Following the trial, the district court issued a decision terminating Keaundra's parental rights as to C.B. and A.L. The district

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court relied on the hearing master's findings, as affirmed by the juvenile court, that Keaundra was at fault for C.B.'s injuries and that his injuries were not accidental. Because Keaundra was unable to remedy the circumstances, conduct, or conditions leading to C.B.'s removal, the district court terminated her parental rights based on token efforts, failure of parental adjustment, and unfitness. The district court further found that termination was in the children's best in interests. Keaundra now brings this appeal.


On appeal, Keaundra argues that the hearing master erred in excluding evidence proffered to rebut a statutory presumption and that the district court improperly relied on the hearing master's resulting findings in terminating her parental rights.[1]

" The purpose of Nevada's termination statute is not to punish parents, but to protect the welfare of children." In re Termination of Parental Rights as to N.J., 116 Nev. 790, 801, 8 P.3d 126, 133 (2000). " A party petitioning to terminate parental rights must establish by clear and convincing evidence that (1) termination is in the child's best interest, and (2) parental fault exists." In re Parental Rights as to A.J.G., 122 Nev. 1418, 1423, 148 P.3d 759, 762 (2006). Because the termination of parental rights " is 'an exercise of awesome power' that is 'tantamount to imposition of a civil death penalty,'" a district court's order terminating parental rights is subject to close scrutiny. Id. at 1423, 148 P.3d at 763 (quoting In re N.J., 116 Nev. at 795, 8 P.3d at 129). Termination of parental rights must be based on clear and convincing evidence. In re N.J., 116 Nev. at 795, 8 P.3d at 129. This court reviews the district court's findings of fact for substantial evidence. Id. We review questions of law de novo. Awada v. Shuffle Master, Inc., 123 Nev. 613, 618, 173 P.3d 707, 711 (2007).

NRS 128.105 provides that a district court may terminate parental rights if it finds that " [t]he best interests of the child would be served by the termination of parental rights" and the parent is unfit, failed to adjust, or only made token efforts to " support or communicate with the child," " prevent neglect of the child," " avoid being an unfit parent," or " eliminate the risk of serious physical, mental or emotional injury to the child." The district court found that DFS established presumptions of token efforts under NRS 128.109(1)(a) and that termination of parental rights was in the best interests of the children under NRS 128.109(2). To rebut NRS 128.109's presumptions, the parent must establish by a preponderance of the evidence that the alleged parental fault does not exist and termination is not in the children's best interests. In re Parental Rights as to J.D.N., 128 Nev. __, __, 283 P.3d 842, 849 (2012). According to the district court, Keaundra did not rebut these presumptions. The district court also found clear and convincing evidence of unfitness and failure of parental adjustment. Each of these findings was ultimately derived from the district court's reliance on the hearing master's finding of abuse.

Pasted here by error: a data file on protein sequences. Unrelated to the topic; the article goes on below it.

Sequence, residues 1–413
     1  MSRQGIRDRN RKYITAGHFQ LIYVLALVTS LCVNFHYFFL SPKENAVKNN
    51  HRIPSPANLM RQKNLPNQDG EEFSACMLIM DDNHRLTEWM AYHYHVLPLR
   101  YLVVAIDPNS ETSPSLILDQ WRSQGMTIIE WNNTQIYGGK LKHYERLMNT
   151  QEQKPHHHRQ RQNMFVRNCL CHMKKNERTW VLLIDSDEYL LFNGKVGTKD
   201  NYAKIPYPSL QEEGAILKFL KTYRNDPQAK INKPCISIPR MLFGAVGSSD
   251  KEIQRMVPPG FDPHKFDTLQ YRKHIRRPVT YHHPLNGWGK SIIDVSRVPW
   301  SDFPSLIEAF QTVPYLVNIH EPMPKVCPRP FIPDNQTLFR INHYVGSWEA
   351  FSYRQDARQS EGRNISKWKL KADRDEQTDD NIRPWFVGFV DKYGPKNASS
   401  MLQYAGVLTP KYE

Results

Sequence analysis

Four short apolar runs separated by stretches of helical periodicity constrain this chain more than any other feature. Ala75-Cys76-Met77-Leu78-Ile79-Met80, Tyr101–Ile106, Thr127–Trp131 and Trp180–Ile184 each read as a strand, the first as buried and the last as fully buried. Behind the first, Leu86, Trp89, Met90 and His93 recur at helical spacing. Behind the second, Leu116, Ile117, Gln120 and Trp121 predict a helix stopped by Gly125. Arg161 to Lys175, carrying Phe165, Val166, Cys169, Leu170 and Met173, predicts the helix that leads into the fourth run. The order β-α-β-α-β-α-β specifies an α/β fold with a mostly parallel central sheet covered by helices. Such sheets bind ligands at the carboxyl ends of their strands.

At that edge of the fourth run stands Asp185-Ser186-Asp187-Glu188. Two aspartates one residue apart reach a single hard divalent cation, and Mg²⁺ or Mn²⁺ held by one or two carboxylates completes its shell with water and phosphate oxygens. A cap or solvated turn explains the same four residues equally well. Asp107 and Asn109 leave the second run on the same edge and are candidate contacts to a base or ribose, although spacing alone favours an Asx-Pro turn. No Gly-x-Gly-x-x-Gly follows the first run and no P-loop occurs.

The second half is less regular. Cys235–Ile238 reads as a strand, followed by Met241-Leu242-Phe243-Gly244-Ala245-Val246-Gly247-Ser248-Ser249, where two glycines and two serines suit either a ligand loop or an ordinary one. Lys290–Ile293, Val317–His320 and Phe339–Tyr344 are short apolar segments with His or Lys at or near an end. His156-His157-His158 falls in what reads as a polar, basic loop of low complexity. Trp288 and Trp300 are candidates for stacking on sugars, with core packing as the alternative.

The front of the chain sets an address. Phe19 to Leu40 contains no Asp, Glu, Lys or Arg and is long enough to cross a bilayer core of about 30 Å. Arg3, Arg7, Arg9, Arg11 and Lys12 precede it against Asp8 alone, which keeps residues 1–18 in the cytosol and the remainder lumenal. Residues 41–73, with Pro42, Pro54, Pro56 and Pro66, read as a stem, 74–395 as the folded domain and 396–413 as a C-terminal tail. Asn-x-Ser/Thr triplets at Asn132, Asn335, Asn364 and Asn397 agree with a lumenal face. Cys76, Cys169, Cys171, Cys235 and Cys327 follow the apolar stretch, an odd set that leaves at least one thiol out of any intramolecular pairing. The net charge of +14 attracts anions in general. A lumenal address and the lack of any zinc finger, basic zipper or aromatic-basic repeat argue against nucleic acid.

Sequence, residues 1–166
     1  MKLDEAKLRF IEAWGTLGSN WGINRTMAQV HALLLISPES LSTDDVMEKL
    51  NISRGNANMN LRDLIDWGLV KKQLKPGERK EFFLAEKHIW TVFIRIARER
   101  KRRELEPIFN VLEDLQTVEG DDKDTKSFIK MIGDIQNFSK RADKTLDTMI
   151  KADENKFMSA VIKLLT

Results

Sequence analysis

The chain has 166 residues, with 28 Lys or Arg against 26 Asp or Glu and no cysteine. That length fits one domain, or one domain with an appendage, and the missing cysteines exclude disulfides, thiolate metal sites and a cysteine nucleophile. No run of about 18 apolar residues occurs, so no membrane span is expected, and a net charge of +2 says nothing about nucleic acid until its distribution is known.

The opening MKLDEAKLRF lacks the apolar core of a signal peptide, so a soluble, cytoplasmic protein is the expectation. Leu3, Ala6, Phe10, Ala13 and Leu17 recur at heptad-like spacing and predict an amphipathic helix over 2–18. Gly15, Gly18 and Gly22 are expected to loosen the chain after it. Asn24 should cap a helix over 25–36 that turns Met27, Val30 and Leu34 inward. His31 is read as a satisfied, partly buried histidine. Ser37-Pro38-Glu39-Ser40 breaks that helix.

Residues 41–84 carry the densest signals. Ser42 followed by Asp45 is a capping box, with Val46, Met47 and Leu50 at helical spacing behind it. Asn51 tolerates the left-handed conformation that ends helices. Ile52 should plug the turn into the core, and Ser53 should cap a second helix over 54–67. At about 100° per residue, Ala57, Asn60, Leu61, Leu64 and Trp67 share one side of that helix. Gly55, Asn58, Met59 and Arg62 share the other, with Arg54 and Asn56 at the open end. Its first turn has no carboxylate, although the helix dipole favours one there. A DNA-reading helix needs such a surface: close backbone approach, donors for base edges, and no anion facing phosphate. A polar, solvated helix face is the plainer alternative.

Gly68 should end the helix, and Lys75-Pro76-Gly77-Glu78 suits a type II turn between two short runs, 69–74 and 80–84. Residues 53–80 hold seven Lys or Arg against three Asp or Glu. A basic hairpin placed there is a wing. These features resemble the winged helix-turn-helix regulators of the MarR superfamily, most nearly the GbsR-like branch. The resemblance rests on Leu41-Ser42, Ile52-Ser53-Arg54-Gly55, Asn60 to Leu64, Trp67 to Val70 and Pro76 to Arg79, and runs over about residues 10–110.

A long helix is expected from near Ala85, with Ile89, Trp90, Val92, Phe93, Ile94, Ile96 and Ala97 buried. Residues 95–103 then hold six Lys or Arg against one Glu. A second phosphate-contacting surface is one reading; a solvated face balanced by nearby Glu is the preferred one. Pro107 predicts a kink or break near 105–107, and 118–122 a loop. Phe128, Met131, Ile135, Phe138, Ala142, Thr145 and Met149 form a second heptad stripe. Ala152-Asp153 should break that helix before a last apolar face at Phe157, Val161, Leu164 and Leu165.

According to NRS 432B.450, a presumption that a child is in need of protection is raised when an expert testifies in a civil proceeding that an injury to a child would not have occurred absent " negligence or a deliberate but unreasonable act or failure to act by the person responsible for the welfare of the child." During the NRS 432B proceedings, Keaundra attempted to rebut the presumption raised by Dr. Mehta's report (concluding that the iron burn was nonaccidental) by introducing the report of Dr. Neuman, who had personally examined C.B. in Louisiana. The hearing master barred admission of this report on the ground that it was not a certified copy.

Keaundra asserts that Dr. Neuman's report was improperly excluded in the juvenile court proceedings, leading the district court to find abuse without hearing material rebuttal evidence. DFS does not address

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Keaundra's argument on appeal. We conclude, therefore, that DFS has confessed error on this issue. NRAP 31(d); see also Bates v. Chronister, 100 Nev. 675, 681-82, 691 P.2d 865, 870 (1984) (concluding that respondent confessed error by failing to respond to appellant's argument).

The district court's findings of parental fault--specifically, failure of parental adjustment, unfitness, and token efforts--were all premised on Keaundra's failure to comply with a portion of her case plan requiring her to admit to intentionally abusing her child. Since the finding of intentional abuse was based on a concededly improper failure to admit evidence rebutting a statutory presumption, a new trial is required to determine Keaundra's parental rights. See In re N.J., 116 Nev. at 804, 8 P.3d at 135 (concluding the district court's refusal to admit evidence rebutting a statutory presumption constituted grounds for a new trial); see generally In re A.B., 128 Nev. __, __, 291 P.3d 122, 127 (2012) (holding that a district court may review a hearing master's findings de novo or " may rely on the master's findings when the findings are 'supported by credible evidence and [are] not, therefore, clearly erroneous'" (alteration in original) (quoting Wenger v. Wenger, 42 Md.App. 596, 402 A.2d 94, 97 (Md. Ct. Spec. App. 1979))).

Accordingly, we reverse the district court's termination order as to Keaundra, and we remand this matter for a new trial.[2]